Session 6b: Ambiguities Revealed
Chair: Adam Kaasa
The Symbolic Violence of ‘Protecting’ Women From Sexual Abuse
Department of Sociology, University of Bristol, Bristol, United Kingdom
In the UK, there is a plethora of literature disseminated by state voluntary agencies, aimed at advising women on how to avoid sexual violence. This literature, compounded by print media coverage of the sexual abuse of women, overwhelmingly implies that it is the responsibility of the woman to avoid potentially violent situations. This paper therefore draws on women’s safety advice literature and on newspaper reports of sexual violence in order to illustrate the way in which women are subjected to symbolic violence. The discourses reiterated in both the safety advice and media reports play on and exacerbate fear of crime, not only subjecting women to a form of social control but also under the guise of ‘commonsense’, creating an implicit division between women who follow the advice and those who do not. Furthermore, as a result of these public discourses, women are often persuaded that they should behave in a particular way – for example, by avoiding public spaces. In relation to Bourdieu’s concept of symbolic violence, such behaviour may be seen as a form of consent to domination. This is not a conscious consent but due to a ‘tacit and practical belief made possible by the habituation which arises from the training of the body’ (Bourdieu 2000: 172).
The onus is therefore placed on women to protect themselves from sexual violence, rather than on men to avoid committing it. Failure to comply with this well-meant ‘advice’ results in the woman victim of sexual abuse being seen as to blame in some way, while much of the blame is removed from the male perpetrator. The status quo is thereby maintained by reiteration of the dominant position – that it is incumbent on women to take precautions rather than on men to take control (of themselves). The censure heaped upon women who appear not to behave ‘sensibly’ and who become victims of sexual abuse, indicates that even before the obvious violence takes place, women are subjected to a legitimate form of power through which symbolic violence can be exercised.
Polite Eroticism and Sexual Ambiguity: The Curious Case of Dora Gordine
Research Fellow in History of Art, DorichHouseMuseum, KingstonUniversity, London, United Kingdom
This proposal grows from my research on Dora Gordine, a major 20th century British sculptor, as Research Fellow based at Dorich House, the home she had built for her in 1936 and where she lived until her death in 1991. The House is now a museum devoted to her sculpture owned by Kingston University. Born into a prosperous middle-class Anglophone German-Jewish family in Latvia, Gordine grew up in Estonia still a part of the Russian Empire. From an early age she identified with British culture, institutions and the English language. Though the Russian Revolution led to the death of her beloved father, she was able to remain in Estonia after WWI and with an Estonian passport moved to Paris in the mid 1920’s. There she moved into a studio in Montparnasse and former close friendships with British women artists such as the sculptor Hazel Armour and the painter Alison Debenham. In Paris she first came to public attention with the exhibition of so-called ‘exotic’ portrait heads such as The Chinese Philosopher (1925) and Guadeloupe Negress (1926-27) and ‘erotic’ nude figures of non-western European females such as Javanese Dancer (1927). However, from the outset, commentators on such works found it extremely difficult to assess how they fitted into the existing paradigm of the racially ‘exotic’ as eroticised and therefore compliantly available. Indeed, one British critic concluded that much of the ‘unnerving oddness’ of her work lay in their singularly elusive and ‘polite eroticism.’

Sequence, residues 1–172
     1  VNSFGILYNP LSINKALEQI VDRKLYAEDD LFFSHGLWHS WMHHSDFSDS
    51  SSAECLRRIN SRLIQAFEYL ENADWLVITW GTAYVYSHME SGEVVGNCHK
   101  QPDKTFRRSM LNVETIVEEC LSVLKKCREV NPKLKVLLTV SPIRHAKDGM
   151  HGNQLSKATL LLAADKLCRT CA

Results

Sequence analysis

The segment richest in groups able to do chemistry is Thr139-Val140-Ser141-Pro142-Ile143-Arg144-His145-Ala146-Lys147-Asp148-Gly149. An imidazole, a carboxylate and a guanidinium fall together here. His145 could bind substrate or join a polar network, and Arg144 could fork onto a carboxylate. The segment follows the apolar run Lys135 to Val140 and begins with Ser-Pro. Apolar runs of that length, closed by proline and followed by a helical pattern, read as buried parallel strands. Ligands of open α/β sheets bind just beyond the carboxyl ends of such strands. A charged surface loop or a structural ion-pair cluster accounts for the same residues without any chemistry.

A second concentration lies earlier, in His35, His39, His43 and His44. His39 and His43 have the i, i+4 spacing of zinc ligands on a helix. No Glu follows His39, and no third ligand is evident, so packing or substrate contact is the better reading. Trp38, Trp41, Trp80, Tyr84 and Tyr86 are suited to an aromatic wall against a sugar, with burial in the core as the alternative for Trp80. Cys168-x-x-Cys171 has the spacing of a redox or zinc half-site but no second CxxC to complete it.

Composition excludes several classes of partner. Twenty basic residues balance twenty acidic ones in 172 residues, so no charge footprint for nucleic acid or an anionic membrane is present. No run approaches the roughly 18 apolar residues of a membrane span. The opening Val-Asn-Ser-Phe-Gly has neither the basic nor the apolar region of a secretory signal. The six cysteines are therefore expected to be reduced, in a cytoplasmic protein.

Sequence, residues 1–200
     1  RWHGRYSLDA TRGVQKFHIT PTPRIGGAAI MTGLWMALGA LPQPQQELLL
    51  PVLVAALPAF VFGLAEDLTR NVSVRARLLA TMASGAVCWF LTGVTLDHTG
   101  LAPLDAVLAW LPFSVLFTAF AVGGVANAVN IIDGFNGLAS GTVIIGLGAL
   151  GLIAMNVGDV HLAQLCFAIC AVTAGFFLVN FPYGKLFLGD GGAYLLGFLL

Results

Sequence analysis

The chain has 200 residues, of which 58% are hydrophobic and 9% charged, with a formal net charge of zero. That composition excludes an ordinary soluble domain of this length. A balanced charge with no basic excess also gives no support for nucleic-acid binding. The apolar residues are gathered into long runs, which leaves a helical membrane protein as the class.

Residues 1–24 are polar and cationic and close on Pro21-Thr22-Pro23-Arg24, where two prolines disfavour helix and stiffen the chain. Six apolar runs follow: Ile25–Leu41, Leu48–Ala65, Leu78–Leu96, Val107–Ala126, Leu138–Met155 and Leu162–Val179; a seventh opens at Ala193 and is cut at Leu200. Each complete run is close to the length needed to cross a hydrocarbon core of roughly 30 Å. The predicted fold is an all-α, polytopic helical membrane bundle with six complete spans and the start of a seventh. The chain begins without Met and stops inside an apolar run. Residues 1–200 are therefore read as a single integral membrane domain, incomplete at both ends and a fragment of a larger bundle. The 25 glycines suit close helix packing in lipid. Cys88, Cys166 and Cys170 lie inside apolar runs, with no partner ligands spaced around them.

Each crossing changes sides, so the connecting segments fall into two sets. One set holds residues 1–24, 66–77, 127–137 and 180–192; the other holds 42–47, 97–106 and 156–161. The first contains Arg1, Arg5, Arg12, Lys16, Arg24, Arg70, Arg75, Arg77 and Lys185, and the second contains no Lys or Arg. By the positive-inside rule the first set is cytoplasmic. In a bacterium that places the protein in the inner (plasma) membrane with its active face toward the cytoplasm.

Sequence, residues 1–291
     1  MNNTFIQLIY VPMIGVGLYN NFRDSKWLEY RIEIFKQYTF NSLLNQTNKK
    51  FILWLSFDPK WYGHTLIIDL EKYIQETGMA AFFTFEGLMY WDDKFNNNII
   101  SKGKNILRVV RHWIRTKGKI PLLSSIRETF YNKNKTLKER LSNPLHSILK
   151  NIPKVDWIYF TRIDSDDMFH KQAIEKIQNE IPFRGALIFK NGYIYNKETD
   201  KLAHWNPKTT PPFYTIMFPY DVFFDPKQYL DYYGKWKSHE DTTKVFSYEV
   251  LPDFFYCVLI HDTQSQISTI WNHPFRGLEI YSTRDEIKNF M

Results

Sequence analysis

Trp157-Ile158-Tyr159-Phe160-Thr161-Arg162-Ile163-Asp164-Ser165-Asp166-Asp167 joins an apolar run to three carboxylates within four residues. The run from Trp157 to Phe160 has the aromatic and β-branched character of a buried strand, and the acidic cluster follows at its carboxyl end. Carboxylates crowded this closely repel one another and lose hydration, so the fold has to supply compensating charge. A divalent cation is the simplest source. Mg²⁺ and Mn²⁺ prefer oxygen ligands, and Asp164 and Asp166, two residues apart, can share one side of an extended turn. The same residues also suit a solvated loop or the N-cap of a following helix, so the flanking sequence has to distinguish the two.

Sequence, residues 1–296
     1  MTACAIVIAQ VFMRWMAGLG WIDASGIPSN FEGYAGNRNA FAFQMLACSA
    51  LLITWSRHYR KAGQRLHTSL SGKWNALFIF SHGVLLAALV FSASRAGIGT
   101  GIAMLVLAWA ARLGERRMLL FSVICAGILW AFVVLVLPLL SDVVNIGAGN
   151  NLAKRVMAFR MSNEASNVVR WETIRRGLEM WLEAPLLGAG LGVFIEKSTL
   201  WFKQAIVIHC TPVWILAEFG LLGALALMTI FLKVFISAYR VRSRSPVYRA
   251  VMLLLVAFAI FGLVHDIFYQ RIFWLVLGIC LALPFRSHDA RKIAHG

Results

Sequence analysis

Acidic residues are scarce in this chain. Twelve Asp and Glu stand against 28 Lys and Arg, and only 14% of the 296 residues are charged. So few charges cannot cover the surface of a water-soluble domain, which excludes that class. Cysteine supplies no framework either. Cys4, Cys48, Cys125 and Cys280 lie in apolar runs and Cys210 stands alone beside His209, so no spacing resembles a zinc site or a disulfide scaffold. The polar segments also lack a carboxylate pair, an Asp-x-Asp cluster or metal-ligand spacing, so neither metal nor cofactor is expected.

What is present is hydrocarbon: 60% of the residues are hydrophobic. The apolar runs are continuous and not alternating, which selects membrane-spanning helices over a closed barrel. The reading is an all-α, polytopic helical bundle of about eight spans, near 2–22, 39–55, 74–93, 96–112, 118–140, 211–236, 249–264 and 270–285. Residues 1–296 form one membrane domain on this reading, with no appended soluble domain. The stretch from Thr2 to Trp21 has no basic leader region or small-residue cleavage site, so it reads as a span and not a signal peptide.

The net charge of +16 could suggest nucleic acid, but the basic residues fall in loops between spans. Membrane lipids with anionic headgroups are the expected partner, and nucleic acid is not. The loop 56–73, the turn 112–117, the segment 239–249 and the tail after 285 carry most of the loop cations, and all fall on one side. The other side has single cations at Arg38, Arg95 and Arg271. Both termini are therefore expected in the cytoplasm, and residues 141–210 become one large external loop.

In the light of such conflicted readings between the wars of Gordine’s work, this paper will explore the deliberately cultivated ambiguity of her sexual persona in both her life – her marriage in 1936 to latently homosexual British aristocrat the Honourable Richard Hare as well as close friendships with, pioneering travel writer Freya Stark; Decadent poet Arthur Symons and notorious roué Sultan Ibrahim ibn Abu Bakr of Johor and in her art i.e. in works depicting indigenous peoples of South-East Asia during the five years (1930-35) she lived in Singapore and in bronze figures of British servicemen depicted nude in the manner of classical Greek statuary such as Above Cloud (1945) modelled by the pilot of a Spitfire fighter aircraft. This paper will argue that Gordine’s imagining of male and female sexualities for the time was unusual for the degree to which it is distinguished by its ambiguity and even incoherence – a blurring of gender roles enhanced and accelerated by the lived experience of the Second World War
Erotic Servitude: Slave Unchained
Independent Scholar, United Kingdom
This paper uses erotic fiction to explore the themes of erotic servitude, power and pleasure. It is the story of a woman entering into a Master-slave relationship (as a slave) for the first time and discovering a side of her sexuality that is daunting, exciting and frighteningly powerful to her. The story traces the journey of the slave’s self-discovery and challenges Western cultural taboos, and norms around pleasure, fidelity, trust, identity and control. The tension of the writing is maintained in the questions of where the power lies in the relationship between Master and slave. It is deliberately ambiguous and mocking throughout the story, juxtaposing the slave’s submission with her ultimate sense of invincibility which emerges at the end. The session will involve a reading by the author, followed by space for a discussion of the themes between the author and audience / participants